Stockmen and women at Wave Hill walk-off in protest against intolerable working conditions and inadequate wages. They establish a camp at Watti Creek and demand the return of some of their traditional lands. This began a seven year fight by the Gurindji people to obtain title to their land.

Cumeroogunga Pty Ltd become 'tenants at will' of the NSW Aboriginal Welfare Board under an agreement to farm the remainder of the Cumeroogunga reserve.

The South Australian Prohibition of Discrimination Act is the first of its kind in Australia and bans all types of race and colour discrimination in employment, accommodation, legal contracts and public facilities.

The South Australian Lands Trust Act is the first legislation providing land ownership and compensation to dispossessed Aboriginal people. The Act set up a trust composed of Aboriginal people. It enabled Aborigines to obtain specific title to reserves, where reserves existed.

Charles Perkins and Margaret Valadian are the first Aboriginal university graduates.


The Commonwealth Referendum passes. This ends constitutional discrimination and all Aboriginal people are now counted in the national census. It also means that the Federal Government can now legislate for Aboriginal people in the states and share the responsibility for Aboriginal Affairs with state governments. All states except Queensland , abandon laws and policies that discriminate against Aboriginal people. The first census fully including Aboriginal people is in 1971.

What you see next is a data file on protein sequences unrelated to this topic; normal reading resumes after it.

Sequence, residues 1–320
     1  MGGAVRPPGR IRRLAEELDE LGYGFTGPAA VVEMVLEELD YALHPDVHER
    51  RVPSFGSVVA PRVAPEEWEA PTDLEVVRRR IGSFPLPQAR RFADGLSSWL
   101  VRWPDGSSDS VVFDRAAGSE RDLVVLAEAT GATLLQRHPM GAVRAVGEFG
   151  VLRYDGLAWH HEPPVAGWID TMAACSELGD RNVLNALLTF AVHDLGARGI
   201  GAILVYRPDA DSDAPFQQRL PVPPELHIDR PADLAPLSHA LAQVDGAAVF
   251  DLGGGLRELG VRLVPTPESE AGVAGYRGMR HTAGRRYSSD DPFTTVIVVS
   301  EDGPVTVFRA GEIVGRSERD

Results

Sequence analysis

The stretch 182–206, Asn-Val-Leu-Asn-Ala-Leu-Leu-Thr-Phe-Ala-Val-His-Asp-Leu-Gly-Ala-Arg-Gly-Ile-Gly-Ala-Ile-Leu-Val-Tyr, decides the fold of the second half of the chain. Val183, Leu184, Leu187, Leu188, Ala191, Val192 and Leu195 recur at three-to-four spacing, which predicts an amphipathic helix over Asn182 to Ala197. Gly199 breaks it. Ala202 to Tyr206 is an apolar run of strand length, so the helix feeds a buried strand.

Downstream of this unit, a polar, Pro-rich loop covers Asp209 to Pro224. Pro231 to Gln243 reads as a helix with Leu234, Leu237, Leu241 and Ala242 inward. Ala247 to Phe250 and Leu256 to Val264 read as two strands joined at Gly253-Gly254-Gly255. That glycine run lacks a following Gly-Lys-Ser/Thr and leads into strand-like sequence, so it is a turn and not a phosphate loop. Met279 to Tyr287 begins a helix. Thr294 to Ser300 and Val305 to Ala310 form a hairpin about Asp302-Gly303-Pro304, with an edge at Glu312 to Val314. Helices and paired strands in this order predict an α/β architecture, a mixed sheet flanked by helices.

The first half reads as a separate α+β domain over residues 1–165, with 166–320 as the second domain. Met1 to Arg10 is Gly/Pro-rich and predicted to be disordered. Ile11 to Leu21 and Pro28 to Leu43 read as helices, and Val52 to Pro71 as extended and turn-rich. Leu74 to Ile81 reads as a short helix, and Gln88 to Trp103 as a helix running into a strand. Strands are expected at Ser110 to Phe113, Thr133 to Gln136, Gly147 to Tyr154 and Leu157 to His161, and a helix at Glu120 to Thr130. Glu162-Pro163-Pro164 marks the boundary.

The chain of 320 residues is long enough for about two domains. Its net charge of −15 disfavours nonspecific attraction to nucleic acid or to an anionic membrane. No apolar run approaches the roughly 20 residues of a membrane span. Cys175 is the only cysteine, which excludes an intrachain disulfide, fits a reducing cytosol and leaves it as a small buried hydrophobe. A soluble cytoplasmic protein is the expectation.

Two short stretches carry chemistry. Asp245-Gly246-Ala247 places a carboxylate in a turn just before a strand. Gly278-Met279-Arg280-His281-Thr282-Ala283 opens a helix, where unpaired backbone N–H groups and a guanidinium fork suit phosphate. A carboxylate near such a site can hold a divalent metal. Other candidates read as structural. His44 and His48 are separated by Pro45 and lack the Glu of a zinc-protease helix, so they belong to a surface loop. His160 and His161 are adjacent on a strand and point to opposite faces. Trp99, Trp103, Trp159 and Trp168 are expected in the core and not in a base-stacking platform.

The Gurindji people petition the Governor General for 1 295 square kilometres of their land to be excised from Wave Hill pastoral lease.


Aboriginal workers are included in the Northern Territory Cattle Industries Award.

Nabalco and the Federal Government sign an agreement giving Nabalco a 42 year special lease to mine b au xite near Yirrkala in the Arnhem Land reserve.

Desecration of the Weebo Site in Western Australia eventually led to the Western Australian Heritage Act being proclaimed in 1972.

The Commonwealth Office of Aboriginal Affairs is established and in 1972 becomes the Department of Aboriginal Affairs.


Aborigines Welfare Board in NSW is abolished.

The Federal Government establishes the National Aboriginal Sports Foundation to help finance sports activities.

An Aboriginal delegation goes to New York and presents a statement on Australian Aborigines to the Office of the UN Secretary-General.

The NSW Aborigines Act transfers control to the directorate within the NSW Department of Youth and Community Services. An Aboriginal Advisory Council is set up. The directorate is abolished in 1975 and the staff transferred to the Department of Aboriginal Affairs.

Timeline - Contact 1970 - 2000


Aboriginal trustees of the Lake Tyer and Framlingham reserves in Victoria are granted individual land title, not communal title as most preferred as this would prevent sections being sold off, as they later were.

The Wandjina
'The Wandjina' by Raymond J. Meeks, Sydney , New South Wales . Acquired about 1984.

This painting shows a mythical Wandjna figure. Wandjinas are thought to bring monsoonal rains to the Kimberley region of Western Australia .

The Gibb Inquiry looks into the situation of Aboriginal people on pastoral properties in the Northern Territory . The government is slow to create living areas or excisions in pastoral properties.